For instance, in the knapsack problem, we want to maximize the total value of objects that we can put in a knapsack of some fixed capacity. A representation of a solution, in this case, might be an array of bits, where each bit represents a different object, and the value of the bit (0 or 1) represents whether or not the object is in the knapsack. Not every such representation is valid, as the size of objects may exceed the capacity of the knapsack. The fitness of the solution is the sum of values of all objects in the knapsack if the representation is valid, or 0 otherwise. In some problems, it is hard or even impossible to define the fitness expression; in these cases, interactive genetic algorithms are used.
A visual display of the fitness function in genetic algorithms is shown below.
Basics of GA
The most common type of genetic algorithm works like this:
First, a population is created with a group of individuals created randomly.
The individuals in the population are then evaluated. The evaluation function is provided by the programmer and gives the individuals a score based on how well they perform at the given task.
Next, two individuals are then selected based on their fitness, the higher the fitness, the higher the chance of being selected.
These individuals then “reproduce” to create one or more offspring, after which the offspring are mutated randomly.
This continues until a suitable solution has been found or a certain number of generations have passed, depending on the needs of the programmer.
Let’s walk through a general framework for genetic algorithm based on the basic steps above.
1 — Initialization
Initially many individual solutions are randomly generated to form an initial population. The population size depends on the nature of the problem but typically contains several hundreds or thousands of possible solutions. Traditionally, the population is generated randomly, covering the entire range of possible solutions (the search space). Occasionally, the solutions may be “seeded” in areas where optimal solutions are likely to be found.
2 — Selection
During each successive generation, a proportion of the existing population is selected to breed a new generation. Individual solutions are selected through a fitness-based process, where fitter solutions are typically more likely to be selected.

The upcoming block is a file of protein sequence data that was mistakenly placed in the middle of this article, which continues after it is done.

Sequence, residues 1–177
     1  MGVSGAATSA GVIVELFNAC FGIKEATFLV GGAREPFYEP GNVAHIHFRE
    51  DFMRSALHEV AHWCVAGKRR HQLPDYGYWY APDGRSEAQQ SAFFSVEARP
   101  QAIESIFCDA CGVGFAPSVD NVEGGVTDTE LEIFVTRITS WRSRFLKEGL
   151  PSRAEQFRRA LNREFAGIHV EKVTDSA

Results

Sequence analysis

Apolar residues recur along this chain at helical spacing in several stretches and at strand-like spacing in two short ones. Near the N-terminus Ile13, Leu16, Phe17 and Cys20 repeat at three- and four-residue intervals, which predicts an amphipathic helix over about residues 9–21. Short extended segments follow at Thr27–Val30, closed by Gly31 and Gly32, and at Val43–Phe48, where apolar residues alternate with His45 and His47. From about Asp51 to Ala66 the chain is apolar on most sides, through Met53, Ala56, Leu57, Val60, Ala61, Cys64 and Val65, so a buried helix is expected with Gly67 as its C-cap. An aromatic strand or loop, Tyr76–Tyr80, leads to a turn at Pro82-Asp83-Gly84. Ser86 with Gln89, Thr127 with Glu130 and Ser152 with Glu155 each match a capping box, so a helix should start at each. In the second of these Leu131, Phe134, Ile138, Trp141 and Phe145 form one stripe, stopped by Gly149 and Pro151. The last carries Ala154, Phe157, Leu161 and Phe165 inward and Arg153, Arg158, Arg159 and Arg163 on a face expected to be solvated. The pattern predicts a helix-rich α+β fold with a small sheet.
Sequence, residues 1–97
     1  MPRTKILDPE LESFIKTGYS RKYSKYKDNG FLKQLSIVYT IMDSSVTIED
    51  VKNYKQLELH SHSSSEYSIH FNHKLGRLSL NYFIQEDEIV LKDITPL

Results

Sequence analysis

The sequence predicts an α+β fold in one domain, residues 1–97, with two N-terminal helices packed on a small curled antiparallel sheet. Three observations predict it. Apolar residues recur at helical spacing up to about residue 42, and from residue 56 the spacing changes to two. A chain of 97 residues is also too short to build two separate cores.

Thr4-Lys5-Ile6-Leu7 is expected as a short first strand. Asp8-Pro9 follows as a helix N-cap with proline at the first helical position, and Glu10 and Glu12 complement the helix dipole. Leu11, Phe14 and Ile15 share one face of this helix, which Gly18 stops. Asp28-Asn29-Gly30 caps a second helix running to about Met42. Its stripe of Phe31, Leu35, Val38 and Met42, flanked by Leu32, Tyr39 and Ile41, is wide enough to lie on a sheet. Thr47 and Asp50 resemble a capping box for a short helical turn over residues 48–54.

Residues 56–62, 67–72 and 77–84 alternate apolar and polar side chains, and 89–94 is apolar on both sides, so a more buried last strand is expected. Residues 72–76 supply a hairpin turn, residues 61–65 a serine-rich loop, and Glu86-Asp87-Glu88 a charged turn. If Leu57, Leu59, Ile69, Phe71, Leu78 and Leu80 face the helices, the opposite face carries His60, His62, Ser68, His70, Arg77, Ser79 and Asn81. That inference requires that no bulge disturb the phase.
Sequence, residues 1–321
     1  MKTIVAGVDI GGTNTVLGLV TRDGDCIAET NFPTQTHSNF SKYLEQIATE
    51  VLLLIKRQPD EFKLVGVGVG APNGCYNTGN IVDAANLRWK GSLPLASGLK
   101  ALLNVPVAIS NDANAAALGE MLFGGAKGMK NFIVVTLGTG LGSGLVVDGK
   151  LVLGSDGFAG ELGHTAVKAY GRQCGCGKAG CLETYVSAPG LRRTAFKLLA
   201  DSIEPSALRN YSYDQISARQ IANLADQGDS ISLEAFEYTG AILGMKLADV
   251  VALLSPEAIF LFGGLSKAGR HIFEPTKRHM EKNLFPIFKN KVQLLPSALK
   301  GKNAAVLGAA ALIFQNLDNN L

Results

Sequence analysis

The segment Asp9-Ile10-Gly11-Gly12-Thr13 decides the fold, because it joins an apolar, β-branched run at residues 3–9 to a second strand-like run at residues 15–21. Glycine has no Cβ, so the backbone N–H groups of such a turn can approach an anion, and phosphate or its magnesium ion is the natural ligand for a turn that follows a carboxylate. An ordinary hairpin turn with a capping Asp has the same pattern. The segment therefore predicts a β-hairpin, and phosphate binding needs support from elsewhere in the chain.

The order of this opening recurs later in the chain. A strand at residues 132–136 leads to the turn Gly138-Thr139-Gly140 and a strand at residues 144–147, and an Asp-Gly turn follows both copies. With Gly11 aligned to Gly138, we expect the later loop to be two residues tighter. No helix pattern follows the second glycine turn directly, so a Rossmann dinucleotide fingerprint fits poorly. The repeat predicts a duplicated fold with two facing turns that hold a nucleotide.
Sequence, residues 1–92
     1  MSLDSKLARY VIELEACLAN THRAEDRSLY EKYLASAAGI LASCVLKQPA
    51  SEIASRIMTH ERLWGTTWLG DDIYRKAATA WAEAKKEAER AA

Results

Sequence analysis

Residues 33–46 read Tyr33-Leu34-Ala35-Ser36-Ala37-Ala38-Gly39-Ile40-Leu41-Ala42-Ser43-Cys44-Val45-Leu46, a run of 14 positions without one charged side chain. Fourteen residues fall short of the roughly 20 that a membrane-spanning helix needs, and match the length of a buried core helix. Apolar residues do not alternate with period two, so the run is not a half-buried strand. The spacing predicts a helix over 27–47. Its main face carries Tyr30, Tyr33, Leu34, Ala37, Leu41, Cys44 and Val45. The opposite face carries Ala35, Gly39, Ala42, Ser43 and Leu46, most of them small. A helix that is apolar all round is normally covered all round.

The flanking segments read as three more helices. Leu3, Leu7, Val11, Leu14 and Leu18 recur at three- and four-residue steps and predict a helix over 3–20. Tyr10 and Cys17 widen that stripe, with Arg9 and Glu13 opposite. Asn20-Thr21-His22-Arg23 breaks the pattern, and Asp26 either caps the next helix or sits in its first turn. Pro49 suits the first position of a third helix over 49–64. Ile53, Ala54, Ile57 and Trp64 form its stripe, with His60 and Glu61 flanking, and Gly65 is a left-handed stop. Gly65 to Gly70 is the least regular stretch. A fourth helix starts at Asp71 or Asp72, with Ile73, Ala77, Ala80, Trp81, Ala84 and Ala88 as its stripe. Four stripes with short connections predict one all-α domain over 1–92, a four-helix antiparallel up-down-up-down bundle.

Certain selection methods rate the fitness of each solution and preferentially select the best solutions. Other methods rate only a random sample of the population, as this process may be very time-consuming. Most functions are stochastic and designed so that a small proportion of less fit solutions are selected. This helps keep the diversity of the population large, preventing premature convergence on poor solutions. Popular and well-studied selection methods include roulette wheel selection and tournament selection.
3 — Reproduction
The next step is to generate a second generation population of solutions from those selected through genetic operators: crossover and/or mutation.
For each new solution to be produced, a pair of “parent” solutions is selected for breeding from the pool selected previously. By producing a “child” solution using the above methods of crossover and mutation, a new solution is created which typically shares many of the characteristics of its “parents.” New parents are selected for each child, and the process continues until a new population of solutions of appropriate size is generated.
These processes ultimately result in the next generation population of chromosomes that is different from the initial population. Generally, the average fitness will have increased by this procedure for the population, since only the best organisms from the first generation are selected for breeding, along with a small proportion of less fit solutions, for reasons already mentioned above.